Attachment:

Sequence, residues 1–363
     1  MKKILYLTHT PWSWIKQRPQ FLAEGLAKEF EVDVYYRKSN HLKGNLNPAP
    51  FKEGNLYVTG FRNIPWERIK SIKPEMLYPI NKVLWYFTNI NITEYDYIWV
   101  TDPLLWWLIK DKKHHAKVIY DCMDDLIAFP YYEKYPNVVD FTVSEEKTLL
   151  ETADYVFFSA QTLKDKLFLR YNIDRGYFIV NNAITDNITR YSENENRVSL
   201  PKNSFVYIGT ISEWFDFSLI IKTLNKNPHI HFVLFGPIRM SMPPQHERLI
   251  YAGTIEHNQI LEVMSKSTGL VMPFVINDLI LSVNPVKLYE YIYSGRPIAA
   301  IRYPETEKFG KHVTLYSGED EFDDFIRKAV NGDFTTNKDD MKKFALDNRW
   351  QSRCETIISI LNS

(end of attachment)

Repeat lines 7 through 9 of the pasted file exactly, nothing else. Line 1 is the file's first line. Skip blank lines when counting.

   251  YAGTIEHNQI LEVMSKSTGL VMPFVINDLI LSVNPVKLYE YIYSGRPIAA
   301  IRYPETEKFG KHVTLYSGED EFDDFIRKAV NGDFTTNKDD MKKFALDNRW
   351  QSRCETIISI LNS